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Queen Anne’s Lace Seeds

$2.40$3.00 20% off

9.186 STEEM 11.482 STEEM
4.072 SBD 5.091 SBD

Overview

Queen Anne’s Lace is the wild form of our domesticated carrot. If you have grown carrots before and you see Queens Anne’s lace you will recognize the similarity in leaves and flowers. But when you dig up her root there is really no mistaking the difference. Queen Anne’s lace is white and smaller in diameter than her domesticated counterpart. But Queen Anne’s lace’s flavor is very intensely carroty!

Queen Anne’s Lace – Daucus carota

Life cycle: Biennial / Ease of propagation: Easy / Hardiness zone: 4-8

Queen Anne’s Lace is the wild form of our domesticated carrot. If you have grown carrots before and you see Queens Anne’s lace you will recognize the similarity in leaves and flowers. But when you dig up her root there is really no mistaking the difference. Queen Anne’s lace is white and smaller in diameter than her domesticated counterpart. But Queen Anne’s lace’s flavor is very intensely carroty!

Foraging books caution wildcrafters to carefully identify Queen Anne’s lace from the poison Hemlock. The foolproof way is to smell the root. If it smells like a carrot, it is Queen Anne’s lace. When growing from true seed in the garden setting identification is not so much of a problem. Growing wild plants in a cultivated setting that you can visit every day is a great way to establish a relationship with the plants.

We are blessed to have Queen Anne’s lace growing in abundance around us and are happy to share the seeds with those that don’t and want to experience the wild carrot! A note of caution: Queen Anne’s Lace will cross readily with the Carrot. So if you are saving carrot seeds or your neighbor is, don’t allow your Queen Anne’s lace to go to seed at the same time, unless you want them to cross!

Queen Anne’s lace can be prepared as food much in the same way you would prepare a carrot. The roots are known to be a bit more fibrous and so chopping the Queen Anne’s Lace before cooking is recommended. I find Queen Anne’s Lace to be much more intensely carrot flavored than the carrots I am used to. I am guessing this is because they have less water content than carrots and so the roots are more concentrated in nature.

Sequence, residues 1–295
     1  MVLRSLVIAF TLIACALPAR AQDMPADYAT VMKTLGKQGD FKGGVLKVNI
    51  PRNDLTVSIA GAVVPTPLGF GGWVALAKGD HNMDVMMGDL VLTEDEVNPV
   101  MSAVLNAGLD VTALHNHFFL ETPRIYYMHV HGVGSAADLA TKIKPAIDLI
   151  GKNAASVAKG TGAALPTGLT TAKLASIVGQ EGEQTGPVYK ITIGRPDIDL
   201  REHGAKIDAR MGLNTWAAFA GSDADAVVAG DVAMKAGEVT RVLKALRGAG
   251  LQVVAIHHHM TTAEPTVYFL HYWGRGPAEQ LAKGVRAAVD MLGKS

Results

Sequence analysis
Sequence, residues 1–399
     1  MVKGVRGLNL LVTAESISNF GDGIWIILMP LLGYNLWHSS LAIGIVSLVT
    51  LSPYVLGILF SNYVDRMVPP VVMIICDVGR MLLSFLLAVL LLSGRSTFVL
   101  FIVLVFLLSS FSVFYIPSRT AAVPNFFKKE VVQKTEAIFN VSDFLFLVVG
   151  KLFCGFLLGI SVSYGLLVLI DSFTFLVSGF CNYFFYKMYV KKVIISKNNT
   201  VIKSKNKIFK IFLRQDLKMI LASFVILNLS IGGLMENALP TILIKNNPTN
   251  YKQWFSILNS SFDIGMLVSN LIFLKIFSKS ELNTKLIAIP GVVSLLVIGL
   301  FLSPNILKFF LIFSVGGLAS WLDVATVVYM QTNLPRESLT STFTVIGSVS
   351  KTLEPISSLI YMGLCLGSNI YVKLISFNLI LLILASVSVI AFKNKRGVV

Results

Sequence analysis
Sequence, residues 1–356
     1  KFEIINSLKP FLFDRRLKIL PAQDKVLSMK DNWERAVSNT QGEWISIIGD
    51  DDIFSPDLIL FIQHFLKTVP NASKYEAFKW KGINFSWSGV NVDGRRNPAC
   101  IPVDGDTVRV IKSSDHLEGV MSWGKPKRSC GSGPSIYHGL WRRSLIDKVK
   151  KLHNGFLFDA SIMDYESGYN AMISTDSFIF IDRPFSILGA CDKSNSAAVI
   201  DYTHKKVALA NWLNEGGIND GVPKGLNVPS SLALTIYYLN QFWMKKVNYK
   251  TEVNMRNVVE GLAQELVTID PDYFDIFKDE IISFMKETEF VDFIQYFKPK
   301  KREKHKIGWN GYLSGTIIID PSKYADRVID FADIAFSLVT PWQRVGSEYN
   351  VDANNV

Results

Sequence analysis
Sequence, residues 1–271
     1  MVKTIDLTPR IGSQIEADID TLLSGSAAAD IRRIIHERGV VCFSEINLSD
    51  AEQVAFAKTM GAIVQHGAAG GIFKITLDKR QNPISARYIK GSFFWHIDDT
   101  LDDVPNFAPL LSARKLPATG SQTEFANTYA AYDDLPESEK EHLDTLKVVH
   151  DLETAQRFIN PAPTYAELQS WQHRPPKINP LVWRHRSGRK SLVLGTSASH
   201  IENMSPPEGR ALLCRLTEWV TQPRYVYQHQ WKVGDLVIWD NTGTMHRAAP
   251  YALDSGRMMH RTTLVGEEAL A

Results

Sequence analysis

If you didn’t dig up all your roots and they start to bold the following year, try snipping off the flower stalk at the base before the flowers have bloomed and you have a tasty green carrot flavored vegetable. You’ll need to peel off the outer skin and then you are ready to cook the carrot sticks – try them fried in butter, roasted in olive oil or diced in your chicken noodle soup… or eat them raw if you are too hungry to wait!

Then if you still have Queen Anne’s Lace blooming in your yard you might harvest the flowers and try dredging, breading and frying them like delicious carrot flavored fritters!

And then when the flowers you didn’t harvest go to seed you can collect the seeds to use for medicine (see notes below). The seeds have little hairs around them so you will want to use gloves and rub them in a screen or between your hands and winnow off the hairs.

The blossoms of the plant can also be eaten

Medicinally, Queen Anne’s has a lot to offer. Its medicinal qualities are stronger and more concentrated than the domesticated carrot. Perhaps most notable of her medicinal qualities are the ability to help women regulate their reproductive cycles.

“Wild carrot (Daucus carota), better known as Queen Anne’s lace, is such a common roadside plant that most people are amazed to learn that it is a proven anti-fertility herb. In addition to being the wild cousin of carrot, it is related to parsley, dill, caraway, anise, celery, cumin, and a (now extinct) plant whose seeds were the birth-control of choice for many a classical Greek or Roman woman. The aromatic seeds of wild carrot are collected in the fall and eaten (a heaping teaspoonful a day) to prevent the implantation of a fertilized egg. In one small study the effectiveness rate after thirteen months of use was 99%. As modern scientific medicine reports that one-third of all fertilized eggs are passed out of the body without implanting in the uterus, this method of birth control seems in complete agreement with nature. Of the hundreds of women currently using this anti-fertility agent, I have heard virtually no reports of any side-effects.”
– Susun Weed, Feeling Frisky? Herbs for Fertility

“I was first taught about this herb by one of my students, Lise Wolff. She says that Queen Anne’s Lace seed helps slough the uterine membrane and regulate the menstrual cycle. It reduces heavy flow, excessive growth of the uterine membrane, and probably endometriosis. It seems to aerate the blood and prevent clotting and heavy flow in this manner as well. When used before, during or after the period it prevents conception by sloughing the membrane. However, after its use has been stopped, it will encourage conception because the menstrual cycle and uterine membrane are newly toned.”
– Matthew Wood, The Book of Herbal Wisdom

Queen Anne’s Lace seed and root are both a strong diuretic and is one of the best herbs to use for removing extra water from the body.

Queen Anne’s Lace can also help to remove kidney stones, gout and rheumatism.

Queen Anne’s Lace is carminative helps with digestion and treating flatulence in regards to difficulty with digestion.

Sowing Instructions

Direct sow seeds 1/4-1/2 inch deep in early spring and keep soil moist until seeds have germinated. Can be succession planted throughout the season for staggered harvest. Sow in late summer / early fall for early spring harvest.

References

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